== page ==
This month’s video features a rather rambly list of thoughts for anyone who wants some perspectives on naming characters.
My short story “On the Inside” is now available in the fourth issue of James Gunn’s Ad Astra.
“On the Inside” is set in an alternate world in which the sexes of male and female are strictly separated in terms of their gender roles and elemental education. Protagonist Lihill was determined at birth to be a boy, but she knows in her heart she’s a girl, and her story is about trying to be seen, heard, and believed.
“Ace of Arts” is my placeholder title for the new book I’ve started writing. Though I’m liking it more and more as I’m getting used to its association with the project.
I’ve been planning to write this book for a long time–though I have not formally outlined it–and it uses characters from a short story I wrote in 1999. I wrote its first chapter on November 1, 2015, and the book is now officially in progress.
It’s a YA contemporary novel with an asexual protagonist, detailing Megan’s adventures as she struggles with relationships and attempts to get into art school.
See you on the other side!
The Invisible Orientation is now out in paperback.
You can get it at various sellers, some of which are listed on my Purchase Page!
The new edition has some updates, corrections, and a little bit of new content. It is not completely rewritten or revamped, but it is new and improved. (And comparatively inexpensive, wink wink.)
In this month’s video, I give some advice on what you might consider for your acknowledgments page.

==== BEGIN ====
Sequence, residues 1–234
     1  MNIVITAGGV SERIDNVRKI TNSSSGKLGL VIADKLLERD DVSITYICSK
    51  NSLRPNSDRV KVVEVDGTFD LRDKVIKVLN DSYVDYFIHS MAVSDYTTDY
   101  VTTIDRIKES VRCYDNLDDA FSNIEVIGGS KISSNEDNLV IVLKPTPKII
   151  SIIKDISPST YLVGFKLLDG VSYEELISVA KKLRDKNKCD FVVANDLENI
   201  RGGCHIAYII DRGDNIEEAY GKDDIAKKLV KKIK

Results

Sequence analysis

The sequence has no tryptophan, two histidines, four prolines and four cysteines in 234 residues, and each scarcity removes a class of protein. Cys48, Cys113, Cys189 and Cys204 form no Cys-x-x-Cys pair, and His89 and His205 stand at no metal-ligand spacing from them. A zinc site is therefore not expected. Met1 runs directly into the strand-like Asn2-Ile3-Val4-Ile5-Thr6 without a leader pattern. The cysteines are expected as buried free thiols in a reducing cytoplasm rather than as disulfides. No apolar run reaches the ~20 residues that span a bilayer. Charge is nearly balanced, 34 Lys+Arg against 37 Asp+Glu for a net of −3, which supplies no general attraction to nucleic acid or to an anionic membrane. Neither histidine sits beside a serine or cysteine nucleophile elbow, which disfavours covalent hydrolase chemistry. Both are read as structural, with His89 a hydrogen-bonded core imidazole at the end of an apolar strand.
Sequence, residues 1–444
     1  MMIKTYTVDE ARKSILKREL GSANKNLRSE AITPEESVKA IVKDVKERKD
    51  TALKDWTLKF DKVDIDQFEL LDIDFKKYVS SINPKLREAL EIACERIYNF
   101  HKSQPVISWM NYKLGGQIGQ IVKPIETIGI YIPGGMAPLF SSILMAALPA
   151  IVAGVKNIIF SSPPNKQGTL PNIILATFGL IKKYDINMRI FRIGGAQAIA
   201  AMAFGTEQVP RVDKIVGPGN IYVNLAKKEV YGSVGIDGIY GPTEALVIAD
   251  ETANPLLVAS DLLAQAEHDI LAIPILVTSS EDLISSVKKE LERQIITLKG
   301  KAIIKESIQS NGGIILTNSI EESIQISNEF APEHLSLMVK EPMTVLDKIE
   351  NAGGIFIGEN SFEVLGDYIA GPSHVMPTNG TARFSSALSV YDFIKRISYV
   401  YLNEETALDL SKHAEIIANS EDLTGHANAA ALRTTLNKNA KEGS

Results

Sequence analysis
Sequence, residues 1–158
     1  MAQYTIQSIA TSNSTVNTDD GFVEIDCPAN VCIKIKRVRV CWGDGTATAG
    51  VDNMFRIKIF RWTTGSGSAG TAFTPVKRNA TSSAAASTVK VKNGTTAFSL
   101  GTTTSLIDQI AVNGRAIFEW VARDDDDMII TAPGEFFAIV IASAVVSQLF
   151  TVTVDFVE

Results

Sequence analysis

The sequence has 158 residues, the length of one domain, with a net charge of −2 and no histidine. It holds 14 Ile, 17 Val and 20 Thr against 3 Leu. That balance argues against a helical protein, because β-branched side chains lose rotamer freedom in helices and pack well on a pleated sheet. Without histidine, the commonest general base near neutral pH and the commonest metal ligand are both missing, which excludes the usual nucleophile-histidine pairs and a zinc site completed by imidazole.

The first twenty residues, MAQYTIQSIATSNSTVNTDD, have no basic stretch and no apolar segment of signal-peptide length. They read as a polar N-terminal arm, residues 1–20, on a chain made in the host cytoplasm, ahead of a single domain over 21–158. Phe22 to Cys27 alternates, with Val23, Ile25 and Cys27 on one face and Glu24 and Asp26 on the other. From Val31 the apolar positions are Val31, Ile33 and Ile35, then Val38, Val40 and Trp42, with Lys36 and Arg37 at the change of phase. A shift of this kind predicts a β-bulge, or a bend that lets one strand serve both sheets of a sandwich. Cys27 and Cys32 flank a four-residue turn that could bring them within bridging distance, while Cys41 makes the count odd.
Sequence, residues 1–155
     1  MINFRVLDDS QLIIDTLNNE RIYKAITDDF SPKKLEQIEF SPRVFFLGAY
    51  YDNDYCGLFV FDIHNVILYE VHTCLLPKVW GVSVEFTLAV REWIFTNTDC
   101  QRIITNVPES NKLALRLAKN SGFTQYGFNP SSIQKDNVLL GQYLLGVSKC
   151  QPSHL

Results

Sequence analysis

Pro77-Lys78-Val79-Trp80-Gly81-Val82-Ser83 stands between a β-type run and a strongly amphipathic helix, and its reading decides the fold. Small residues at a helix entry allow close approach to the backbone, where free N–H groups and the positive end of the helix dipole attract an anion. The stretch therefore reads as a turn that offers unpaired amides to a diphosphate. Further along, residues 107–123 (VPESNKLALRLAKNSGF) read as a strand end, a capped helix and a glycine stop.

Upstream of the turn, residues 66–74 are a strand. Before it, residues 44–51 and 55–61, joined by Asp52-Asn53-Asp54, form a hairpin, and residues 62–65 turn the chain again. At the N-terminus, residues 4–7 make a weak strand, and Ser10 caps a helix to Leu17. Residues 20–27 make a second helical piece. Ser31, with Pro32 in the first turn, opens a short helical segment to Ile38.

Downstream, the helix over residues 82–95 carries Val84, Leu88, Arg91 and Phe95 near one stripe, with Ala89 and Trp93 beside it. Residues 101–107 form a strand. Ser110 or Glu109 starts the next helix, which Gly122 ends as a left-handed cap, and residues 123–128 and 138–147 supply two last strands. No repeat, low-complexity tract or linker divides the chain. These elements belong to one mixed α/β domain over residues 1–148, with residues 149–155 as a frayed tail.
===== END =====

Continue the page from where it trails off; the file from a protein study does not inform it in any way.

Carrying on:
This video does apply to folks who don’t have a book deal or even those who haven’t finished their books yet. Start keeping these things in mind now, and I promise it’ll save you a lot of headache later!
Editors at Mindbodygreen decided they wanted to feature some writing about asexuality and they chose (and modified) one of the pieces I gave them permission to reprint from my Tumblr.
Please read “Ten Things You Should Never Say to Someone Who’s Asexual.”
Here’s another new video from my writing channel offering a discussion of what it means to “write to the market” and what compromises you can expect to make if you want to be marketable.
Spoiler alert: The practical upshot here is that attempted trend-riding will get you nowhere, and attempting to be marketable should not lead you to compromise the soul of your work.
After a few back-and-forth discussions and some delay on this story, an interview I gave to Tech Insider a while back got published. It’s mostly about some perspectives and experiences that have applied to me as an asexual person in a world that’s largely not asexual.
Read the article here:
After receiving more than 90 applications from prospective mentees in my third year participating in Brenda Drake’s Pitch Wars contest, I have chosen my mentee. (We did not get to have alternates this year.) I wrote over 55,000 words of feedback and critiqued every query letter and set of sample pages that came into my inbox.
Congratulations to Lynn Forrest, whose Adult urban fantasy THE MEASURE OF A MONSTER actually made me like a story about bloodsuckers and detectives, featuring queer characters and absolutely beautiful writing. I will be reading her entire book, shining up her query letter, and helping her craft a short pitch for the agent round of the contest.
Hopefully, I will be able to post with agenting news for Lynn before long! But for now, as always, it’s back to work.
In anticipation of Pitch Wars giving me a whole new crop of query letters to leaf through, I decided to make this video about what authors should put in their query letter bios, with some tips about what to consider.
- Be brief
- Be relevant
- Be humble
- Be recent
- Make it tailored